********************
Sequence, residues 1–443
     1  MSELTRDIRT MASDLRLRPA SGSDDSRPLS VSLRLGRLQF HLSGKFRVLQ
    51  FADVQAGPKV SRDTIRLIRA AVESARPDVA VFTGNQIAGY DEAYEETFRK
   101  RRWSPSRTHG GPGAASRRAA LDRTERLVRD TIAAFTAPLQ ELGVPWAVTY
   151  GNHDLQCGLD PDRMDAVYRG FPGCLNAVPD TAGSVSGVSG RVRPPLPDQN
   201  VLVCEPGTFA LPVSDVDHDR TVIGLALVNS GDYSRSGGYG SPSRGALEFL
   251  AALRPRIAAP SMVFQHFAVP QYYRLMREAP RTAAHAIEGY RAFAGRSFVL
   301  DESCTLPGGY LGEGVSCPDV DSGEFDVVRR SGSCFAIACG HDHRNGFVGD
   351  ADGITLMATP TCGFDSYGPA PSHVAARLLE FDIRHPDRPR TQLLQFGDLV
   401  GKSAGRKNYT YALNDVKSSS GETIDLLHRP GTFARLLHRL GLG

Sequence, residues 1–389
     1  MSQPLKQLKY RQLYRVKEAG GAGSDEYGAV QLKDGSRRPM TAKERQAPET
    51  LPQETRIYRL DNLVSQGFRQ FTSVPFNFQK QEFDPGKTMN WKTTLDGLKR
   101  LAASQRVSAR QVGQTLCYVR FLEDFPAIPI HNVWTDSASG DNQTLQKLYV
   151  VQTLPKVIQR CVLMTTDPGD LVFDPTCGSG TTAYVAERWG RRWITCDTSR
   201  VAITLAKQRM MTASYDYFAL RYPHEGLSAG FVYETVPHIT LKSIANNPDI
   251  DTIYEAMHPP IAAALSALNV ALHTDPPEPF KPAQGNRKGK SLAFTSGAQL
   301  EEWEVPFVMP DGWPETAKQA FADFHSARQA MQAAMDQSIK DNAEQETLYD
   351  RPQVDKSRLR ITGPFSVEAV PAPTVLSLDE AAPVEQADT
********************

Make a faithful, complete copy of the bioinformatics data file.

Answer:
Sequence, residues 1–443
     1  MSELTRDIRT MASDLRLRPA SGSDDSRPLS VSLRLGRLQF HLSGKFRVLQ
    51  FADVQAGPKV SRDTIRLIRA AVESARPDVA VFTGNQIAGY DEAYEETFRK
   101  RRWSPSRTHG GPGAASRRAA LDRTERLVRD TIAAFTAPLQ ELGVPWAVTY
   151  GNHDLQCGLD PDRMDAVYRG FPGCLNAVPD TAGSVSGVSG RVRPPLPDQN
   201  VLVCEPGTFA LPVSDVDHDR TVIGLALVNS GDYSRSGGYG SPSRGALEFL
   251  AALRPRIAAP SMVFQHFAVP QYYRLMREAP RTAAHAIEGY RAFAGRSFVL
   301  DESCTLPGGY LGEGVSCPDV DSGEFDVVRR SGSCFAIACG HDHRNGFVGD
   351  ADGITLMATP TCGFDSYGPA PSHVAARLLE FDIRHPDRPR TQLLQFGDLV
   401  GKSAGRKNYT YALNDVKSSS GETIDLLHRP GTFARLLHRL GLG

Sequence, residues 1–389
     1  MSQPLKQLKY RQLYRVKEAG GAGSDEYGAV QLKDGSRRPM TAKERQAPET
    51  LPQETRIYRL DNLVSQGFRQ FTSVPFNFQK QEFDPGKTMN WKTTLDGLKR
   101  LAASQRVSAR QVGQTLCYVR FLEDFPAIPI HNVWTDSASG DNQTLQKLYV
   151  VQTLPKVIQR CVLMTTDPGD LVFDPTCGSG TTAYVAERWG RRWITCDTSR
   201  VAITLAKQRM MTASYDYFAL RYPHEGLSAG FVYETVPHIT LKSIANNPDI
   251  DTIYEAMHPP IAAALSALNV ALHTDPPEPF KPAQGNRKGK SLAFTSGAQL
   301  EEWEVPFVMP DGWPETAKQA FADFHSARQA MQAAMDQSIK DNAEQETLYD
   351  RPQVDKSRLR ITGPFSVEAV PAPTVLSLDE AAPVEQADT